• Paul Serran

The Art of Failing

This last week I was speaking to an old friend, and I said to him that, during college, I very much resented him for his lack of ambition. This is quite the heavy thing to say, even to an old friend. But I knew that he is a very bright fellow, who loves the truth more than he loves himself.

He readily agreed with me. I noted that the said lack of ambition was only reprehensible in regard to his great potential. To untalented people, I told him, lack of ambition amounts to a display of self-awareness that is very laudable. But not him!

In Brazil, we say that "a single swallow does not a summer make." And, in the college, I looked around me and he was the only other guy that could one day be a writer. Many other guys and girls developed into efficient teachers and talented cogs in the MSM gear. But when it came to really developing a voice, it was him, or me, or fucking silence.

And man, it was silence for quite a while. My chaos of a career went peaks and troughs, and eventually valleys and abyss. My over-ambition wasn't getting me anywhere. I made a lot of TV, which equals to say I played a lot of piano in the whorehouse.

I did write a novel. That much has to be said in my favor. I went out there and came back with a real novel. That's like the 12 labors of Hercules.

Nothing happened. The complete, absolute lack of boost in my career provided by the book release convinced me that no one reads anymore - and they were not about to open an exception for me.

I vowed never to write a book again. I bought a guitar. I made a lot of bad choices. I destroyed my family. I was a fucking wreck.

And my friend seemed to be doing just fine. But was he? Well, compared to me, everyone was. But the fact is that, determined to take all the safe paths, my dear friend has spent a big chunk of his life working for people that are much less bright and able than he is. And that, he has let me know, is not an enviable fate.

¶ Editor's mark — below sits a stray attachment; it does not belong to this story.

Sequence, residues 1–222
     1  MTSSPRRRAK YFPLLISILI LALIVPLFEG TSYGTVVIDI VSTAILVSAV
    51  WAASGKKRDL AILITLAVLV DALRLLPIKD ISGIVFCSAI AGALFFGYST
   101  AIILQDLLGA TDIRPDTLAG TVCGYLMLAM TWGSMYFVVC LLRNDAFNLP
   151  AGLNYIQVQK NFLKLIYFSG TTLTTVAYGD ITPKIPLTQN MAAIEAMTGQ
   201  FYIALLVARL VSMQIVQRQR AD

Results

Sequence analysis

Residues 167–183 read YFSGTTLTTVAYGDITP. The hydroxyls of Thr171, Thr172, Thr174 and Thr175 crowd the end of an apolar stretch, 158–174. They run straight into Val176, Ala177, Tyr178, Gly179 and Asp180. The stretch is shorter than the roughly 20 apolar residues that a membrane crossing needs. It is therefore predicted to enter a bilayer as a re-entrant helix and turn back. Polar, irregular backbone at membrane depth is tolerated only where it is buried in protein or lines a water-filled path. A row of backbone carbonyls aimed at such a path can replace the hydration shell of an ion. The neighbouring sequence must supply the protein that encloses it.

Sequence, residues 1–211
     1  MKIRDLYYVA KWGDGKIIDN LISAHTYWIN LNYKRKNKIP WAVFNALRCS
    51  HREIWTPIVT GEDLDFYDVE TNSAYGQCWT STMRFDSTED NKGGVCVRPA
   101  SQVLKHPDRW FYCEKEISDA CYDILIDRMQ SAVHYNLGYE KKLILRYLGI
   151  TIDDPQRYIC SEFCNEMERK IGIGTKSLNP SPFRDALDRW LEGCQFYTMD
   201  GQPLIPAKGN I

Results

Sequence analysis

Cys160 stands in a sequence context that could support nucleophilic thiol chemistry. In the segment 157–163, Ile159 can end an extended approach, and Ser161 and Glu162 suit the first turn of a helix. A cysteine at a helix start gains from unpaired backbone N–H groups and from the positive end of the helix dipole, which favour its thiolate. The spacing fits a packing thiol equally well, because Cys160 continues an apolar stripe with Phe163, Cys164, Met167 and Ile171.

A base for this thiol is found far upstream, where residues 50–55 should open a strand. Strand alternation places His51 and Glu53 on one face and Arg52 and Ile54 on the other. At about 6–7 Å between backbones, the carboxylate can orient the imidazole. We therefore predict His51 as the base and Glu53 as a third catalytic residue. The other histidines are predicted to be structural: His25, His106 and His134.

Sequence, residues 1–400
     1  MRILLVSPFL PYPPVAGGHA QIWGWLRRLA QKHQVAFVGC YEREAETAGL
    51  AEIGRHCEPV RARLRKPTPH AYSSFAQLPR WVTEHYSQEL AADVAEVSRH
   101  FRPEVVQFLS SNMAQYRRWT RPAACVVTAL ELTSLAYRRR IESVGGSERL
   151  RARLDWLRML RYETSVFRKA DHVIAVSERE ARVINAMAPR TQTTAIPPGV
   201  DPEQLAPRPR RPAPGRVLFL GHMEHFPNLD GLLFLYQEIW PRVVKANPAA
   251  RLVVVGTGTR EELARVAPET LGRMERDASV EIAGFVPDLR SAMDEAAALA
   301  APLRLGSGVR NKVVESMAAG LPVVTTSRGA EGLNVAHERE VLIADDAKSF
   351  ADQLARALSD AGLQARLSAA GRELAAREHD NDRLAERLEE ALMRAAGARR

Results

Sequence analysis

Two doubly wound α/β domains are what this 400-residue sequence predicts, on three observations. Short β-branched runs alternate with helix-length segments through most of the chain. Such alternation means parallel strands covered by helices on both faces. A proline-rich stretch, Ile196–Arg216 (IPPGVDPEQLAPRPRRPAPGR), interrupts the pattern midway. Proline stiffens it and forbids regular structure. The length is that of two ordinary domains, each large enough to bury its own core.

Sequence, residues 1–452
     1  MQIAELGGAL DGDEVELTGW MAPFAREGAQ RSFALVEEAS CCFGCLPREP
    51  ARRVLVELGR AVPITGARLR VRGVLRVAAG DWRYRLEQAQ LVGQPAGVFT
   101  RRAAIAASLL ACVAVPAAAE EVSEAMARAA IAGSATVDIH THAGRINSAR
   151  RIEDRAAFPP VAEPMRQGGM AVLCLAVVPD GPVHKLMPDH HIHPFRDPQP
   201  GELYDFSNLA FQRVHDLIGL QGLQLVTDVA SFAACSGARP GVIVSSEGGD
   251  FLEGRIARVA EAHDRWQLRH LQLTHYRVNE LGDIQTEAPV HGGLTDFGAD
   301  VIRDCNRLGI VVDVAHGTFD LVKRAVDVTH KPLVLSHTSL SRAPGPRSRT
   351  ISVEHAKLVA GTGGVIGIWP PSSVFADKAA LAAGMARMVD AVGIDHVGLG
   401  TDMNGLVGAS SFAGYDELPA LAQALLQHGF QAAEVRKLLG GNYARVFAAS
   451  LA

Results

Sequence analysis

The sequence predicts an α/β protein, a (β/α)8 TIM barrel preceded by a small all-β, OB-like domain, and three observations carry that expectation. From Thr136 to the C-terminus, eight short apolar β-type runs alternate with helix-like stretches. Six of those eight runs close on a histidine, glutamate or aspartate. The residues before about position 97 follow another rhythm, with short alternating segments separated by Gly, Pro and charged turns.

While this revolution has really saved me, and has given me a sense of purpose like never before, it also has made me work 36 hours a day, 9 days a week. That can be uncomfortable, of course, but it has also put my writing chops to 2 years of boot camp - and now, I can write ten times better than ever, and my creative powers are always ready to rock at a moment's call.

(To exemplify: just now I was very tired of writing and producing my Pencil Neck thread for tomorrow, so *I came to write a whole blog post* to rest my mind. That's how *in the zone* I am.)

So, now, my friend is sick and tired of carrying moronic ineffective employers on his back, and contemplates change. The people around him are all urging him to do it, since it is patently ridiculous that he not have a much higher position in his chosen industry.

But change is dangerous, and carries the danger of failure. My fear is that my friend is too unaccustomed to fail. And I am the absolute master at it. I failed in twice more professions than most people will even attempt in their lives.

I wish I could go out and fail for my friend a couple of times, so he could proceed sure in his journey. But I guess each of us has to be the hero of our own sagas.

Just because a song is in order, I chose this one by Mark Knopfler, where an old painter urges the young buck to 'Let it All Go', and forfeit artistic ambition, get a job with a pension. An old man who would, himself, "kill to get crimson in this pallet knife".

Rio de Janeiro, November 15th, 2019.

Paul Serran

© 2019 BY PAUL SERRAN - Rio de Janeiro / Brazil